Being in a foreign land can be exciting as well as amusing. My visit last week to Kathmandu and Lumbini in Nepal to attend Lumbini International Conference on Media and Peace was filled with spiritually stimulating moments as well as lighter, memorable moments. I posted a few lines and pictures on serious, contemplative subjects in my previous posts. In this post, let me share with you some lighter moments pictorially.
A Bhutanese can feel pretty at home in Kathmandu. When you shed the national dress that sets you apart, you can be easily taken for a Nepalese of Tibetan stock from the hills. And if you speak some Nepali, the locals wouldn't have a second thought about your nationality. Although your ability to integrate into a foreign society instantly can be helpful in many ways, it can deprive you of some small privileges that foreigners enjoy, particularly if you are staying in a tourist hub like Kathmandu’s Thamel district. Thamel is so full of tourists that every local seems to exist and work only for tourists. For them, locals do not exist. Or so it seems. If you look like a Nepalese, handicraft sellers do not notice you even if you stand in their shops poring over their items for several minutes. They break into a big grin the moment an English-speaking, fair-skinned westerner pops in. ‘Welcome, sir. Anything you need, sir? This made of all pure baby yak hair, sir. Giving discount also, sir,’ a sullen-looking shopkeeper is suddenly inspired to praise his goods in a stream of sir…sir…sir. You can be forced to feel faceless. It’s something akin to the habit of bigger handicraft shopkeepers in Bhutan. When a Bhutanese walks into a handicraft shop and asks the price of an item, the response one usually gets is, ‘It’s expensive’ or ‘Do you want to buy it?’ In Thamel, a Nepalese-looking person is hardly noticed anywhere – in shops, bars, coffee shops, and restaurants. Even toilets seem to be all marked out for tourists.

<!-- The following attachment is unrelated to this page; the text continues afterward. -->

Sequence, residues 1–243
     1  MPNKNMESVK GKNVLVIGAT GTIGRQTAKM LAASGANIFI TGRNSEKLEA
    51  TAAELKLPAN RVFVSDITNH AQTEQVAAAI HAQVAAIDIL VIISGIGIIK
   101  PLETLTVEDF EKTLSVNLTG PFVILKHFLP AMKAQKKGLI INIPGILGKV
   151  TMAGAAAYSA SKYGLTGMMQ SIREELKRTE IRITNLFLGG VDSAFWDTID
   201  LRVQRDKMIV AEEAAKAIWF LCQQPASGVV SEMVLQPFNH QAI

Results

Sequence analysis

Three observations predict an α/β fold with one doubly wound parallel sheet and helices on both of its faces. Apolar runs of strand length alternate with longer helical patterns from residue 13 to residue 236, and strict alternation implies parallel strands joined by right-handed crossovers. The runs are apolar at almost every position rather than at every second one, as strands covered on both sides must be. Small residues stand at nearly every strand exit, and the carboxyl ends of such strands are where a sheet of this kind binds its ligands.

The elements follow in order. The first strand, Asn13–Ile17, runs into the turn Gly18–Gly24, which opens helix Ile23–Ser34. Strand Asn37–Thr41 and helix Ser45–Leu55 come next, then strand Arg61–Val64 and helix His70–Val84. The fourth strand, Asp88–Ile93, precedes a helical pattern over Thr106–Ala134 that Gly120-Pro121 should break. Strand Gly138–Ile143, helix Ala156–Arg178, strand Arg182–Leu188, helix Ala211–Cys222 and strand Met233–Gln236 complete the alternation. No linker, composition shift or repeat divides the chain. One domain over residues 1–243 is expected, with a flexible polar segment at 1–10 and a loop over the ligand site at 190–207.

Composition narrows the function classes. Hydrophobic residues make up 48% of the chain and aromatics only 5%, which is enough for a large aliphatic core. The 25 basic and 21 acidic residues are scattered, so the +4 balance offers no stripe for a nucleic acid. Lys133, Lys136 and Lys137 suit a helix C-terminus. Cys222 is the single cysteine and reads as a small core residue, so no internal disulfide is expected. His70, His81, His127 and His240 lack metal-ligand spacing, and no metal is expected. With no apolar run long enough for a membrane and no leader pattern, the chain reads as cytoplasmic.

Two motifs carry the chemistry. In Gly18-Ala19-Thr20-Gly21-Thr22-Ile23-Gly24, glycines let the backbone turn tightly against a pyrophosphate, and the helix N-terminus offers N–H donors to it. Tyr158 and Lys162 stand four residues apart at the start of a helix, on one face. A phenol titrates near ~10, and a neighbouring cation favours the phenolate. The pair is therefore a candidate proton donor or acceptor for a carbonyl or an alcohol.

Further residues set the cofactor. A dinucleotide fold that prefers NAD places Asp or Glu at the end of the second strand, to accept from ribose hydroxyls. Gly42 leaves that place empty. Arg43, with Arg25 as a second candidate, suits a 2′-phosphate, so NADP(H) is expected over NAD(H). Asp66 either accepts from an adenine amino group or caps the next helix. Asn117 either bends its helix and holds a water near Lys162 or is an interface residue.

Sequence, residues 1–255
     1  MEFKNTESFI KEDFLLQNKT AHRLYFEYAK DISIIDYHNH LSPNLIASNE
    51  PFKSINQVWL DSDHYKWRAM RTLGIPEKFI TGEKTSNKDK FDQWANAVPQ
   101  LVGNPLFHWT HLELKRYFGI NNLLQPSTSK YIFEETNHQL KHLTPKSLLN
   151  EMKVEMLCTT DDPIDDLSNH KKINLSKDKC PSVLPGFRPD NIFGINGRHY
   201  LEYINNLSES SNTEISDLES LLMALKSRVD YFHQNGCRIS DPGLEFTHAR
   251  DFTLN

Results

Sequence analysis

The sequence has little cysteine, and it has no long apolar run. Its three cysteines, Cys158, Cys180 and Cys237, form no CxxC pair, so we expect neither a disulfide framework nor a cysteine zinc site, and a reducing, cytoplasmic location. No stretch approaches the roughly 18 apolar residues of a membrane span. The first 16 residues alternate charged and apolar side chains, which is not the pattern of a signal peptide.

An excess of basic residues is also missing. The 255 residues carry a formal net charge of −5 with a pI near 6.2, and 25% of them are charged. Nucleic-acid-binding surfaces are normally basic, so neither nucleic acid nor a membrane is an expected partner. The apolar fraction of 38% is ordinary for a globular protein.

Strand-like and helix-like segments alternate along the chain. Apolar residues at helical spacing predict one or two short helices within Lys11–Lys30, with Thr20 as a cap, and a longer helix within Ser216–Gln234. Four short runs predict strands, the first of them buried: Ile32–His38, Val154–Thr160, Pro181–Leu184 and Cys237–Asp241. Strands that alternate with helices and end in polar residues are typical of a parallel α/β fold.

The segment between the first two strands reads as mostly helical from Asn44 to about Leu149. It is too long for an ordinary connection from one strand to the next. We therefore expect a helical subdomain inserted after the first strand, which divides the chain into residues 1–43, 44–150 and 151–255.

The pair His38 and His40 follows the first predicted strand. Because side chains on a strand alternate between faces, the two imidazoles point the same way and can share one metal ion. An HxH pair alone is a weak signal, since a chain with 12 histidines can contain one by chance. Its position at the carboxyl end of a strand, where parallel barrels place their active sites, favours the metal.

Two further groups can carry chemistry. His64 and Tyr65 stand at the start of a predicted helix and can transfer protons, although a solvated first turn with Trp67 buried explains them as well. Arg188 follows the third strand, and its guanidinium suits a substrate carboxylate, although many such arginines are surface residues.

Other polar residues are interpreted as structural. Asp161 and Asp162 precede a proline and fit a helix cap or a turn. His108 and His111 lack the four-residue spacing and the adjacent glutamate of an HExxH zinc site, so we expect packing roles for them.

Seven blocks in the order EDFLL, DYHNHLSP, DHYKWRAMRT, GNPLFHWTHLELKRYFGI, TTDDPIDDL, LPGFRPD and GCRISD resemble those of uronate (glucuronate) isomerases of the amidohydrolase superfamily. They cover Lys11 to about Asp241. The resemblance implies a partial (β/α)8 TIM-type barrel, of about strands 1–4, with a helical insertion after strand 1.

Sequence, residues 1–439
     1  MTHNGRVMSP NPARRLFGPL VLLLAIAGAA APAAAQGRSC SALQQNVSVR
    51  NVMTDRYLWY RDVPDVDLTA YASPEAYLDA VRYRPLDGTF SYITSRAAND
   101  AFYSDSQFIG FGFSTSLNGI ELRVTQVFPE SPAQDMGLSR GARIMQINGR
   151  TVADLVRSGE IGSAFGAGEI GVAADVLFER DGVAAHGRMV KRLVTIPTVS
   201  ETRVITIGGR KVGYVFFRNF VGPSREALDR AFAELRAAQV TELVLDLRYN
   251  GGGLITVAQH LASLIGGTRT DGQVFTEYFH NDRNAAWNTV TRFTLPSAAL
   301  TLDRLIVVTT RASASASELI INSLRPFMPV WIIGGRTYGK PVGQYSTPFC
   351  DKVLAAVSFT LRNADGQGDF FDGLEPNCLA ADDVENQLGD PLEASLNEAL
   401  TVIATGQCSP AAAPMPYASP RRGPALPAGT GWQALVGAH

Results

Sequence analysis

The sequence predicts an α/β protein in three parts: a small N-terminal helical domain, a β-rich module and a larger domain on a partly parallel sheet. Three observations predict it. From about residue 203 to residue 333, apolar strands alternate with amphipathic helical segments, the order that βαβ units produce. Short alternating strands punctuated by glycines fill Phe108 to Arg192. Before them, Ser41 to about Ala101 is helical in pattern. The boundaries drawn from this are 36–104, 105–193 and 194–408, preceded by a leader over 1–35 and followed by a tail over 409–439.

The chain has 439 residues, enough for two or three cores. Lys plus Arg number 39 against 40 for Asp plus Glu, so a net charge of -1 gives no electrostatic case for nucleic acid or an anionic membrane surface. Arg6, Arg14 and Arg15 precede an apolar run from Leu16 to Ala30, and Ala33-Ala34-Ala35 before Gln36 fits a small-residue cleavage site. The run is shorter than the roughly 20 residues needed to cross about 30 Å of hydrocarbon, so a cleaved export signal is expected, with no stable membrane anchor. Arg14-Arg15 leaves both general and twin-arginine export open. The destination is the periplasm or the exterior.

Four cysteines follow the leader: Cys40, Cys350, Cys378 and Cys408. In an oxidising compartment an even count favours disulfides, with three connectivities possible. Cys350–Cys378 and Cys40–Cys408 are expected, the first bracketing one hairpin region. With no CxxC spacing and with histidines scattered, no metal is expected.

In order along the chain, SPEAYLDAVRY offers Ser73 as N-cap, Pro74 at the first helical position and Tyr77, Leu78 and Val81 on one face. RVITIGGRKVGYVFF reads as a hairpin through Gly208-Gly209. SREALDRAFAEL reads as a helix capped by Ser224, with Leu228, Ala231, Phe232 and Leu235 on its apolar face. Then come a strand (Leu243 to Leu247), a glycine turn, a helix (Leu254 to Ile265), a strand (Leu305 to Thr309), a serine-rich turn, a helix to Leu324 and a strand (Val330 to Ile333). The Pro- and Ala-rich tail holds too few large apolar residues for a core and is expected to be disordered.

Next time you are in Kathmandu, don’t forget to read the signboards. If signboards are character traits of a city, Thimphu and Kathmandu are unmistakably sisters. A small roadside shop in a corner of Gongabu in northern Kathmandu has put up this signboard.
And this ‘shose’ store in Gongabu.
The label on this Tuborg beer is packed with information and messages. Two lines that stand out are: Deserve to sit back/And enjoy responsibly. I like both the lines. The first line uses the word deserve intransitively, which sounds not quite correct but quite creative. Read it again and think of possible meanings. It is interesting, isn't it? The second line is the right thing to do. Comparatively, Bhutan’s Druk 11000 has hardly any text on the label.
And this on the doors of the toilets at a roadside restaurant between Lumbini and Kathmandu. This is cutely simple and straight.
I noticed something on this signboard in English and Tibetan at the Boudha Stupa in Kathmandu. Doesn't the translation of ‘no entry’ in Tibetan read more polite than the Dzongkha translation which is mostly ནང་ན་འཛུལ་མི་ཆོག་?